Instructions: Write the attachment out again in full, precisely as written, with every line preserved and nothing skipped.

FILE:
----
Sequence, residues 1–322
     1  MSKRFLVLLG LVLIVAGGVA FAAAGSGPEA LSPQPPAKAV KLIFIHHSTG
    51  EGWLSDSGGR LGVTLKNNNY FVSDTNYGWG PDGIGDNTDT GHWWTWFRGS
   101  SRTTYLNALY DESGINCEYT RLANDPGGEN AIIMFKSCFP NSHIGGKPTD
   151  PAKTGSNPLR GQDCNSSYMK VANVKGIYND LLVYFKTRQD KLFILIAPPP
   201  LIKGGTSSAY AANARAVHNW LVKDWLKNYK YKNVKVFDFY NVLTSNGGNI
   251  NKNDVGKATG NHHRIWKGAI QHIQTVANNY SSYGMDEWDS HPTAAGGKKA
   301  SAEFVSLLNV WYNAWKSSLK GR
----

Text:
Sequence, residues 1–322
     1  MSKRFLVLLG LVLIVAGGVA FAAAGSGPEA LSPQPPAKAV KLIFIHHSTG
    51  EGWLSDSGGR LGVTLKNNNY FVSDTNYGWG PDGIGDNTDT GHWWTWFRGS
   101  SRTTYLNALY DESGINCEYT RLANDPGGEN AIIMFKSCFP NSHIGGKPTD
   151  PAKTGSNPLR GQDCNSSYMK VANVKGIYND LLVYFKTRQD KLFILIAPPP
   201  LIKGGTSSAY AANARAVHNW LVKDWLKNYK YKNVKVFDFY NVLTSNGGNI
   251  NKNDVGKATG NHHRIWKGAI QHIQTVANNY SSYGMDEWDS HPTAAGGKKA
   301  SAEFVSLLNV WYNAWKSSLK GR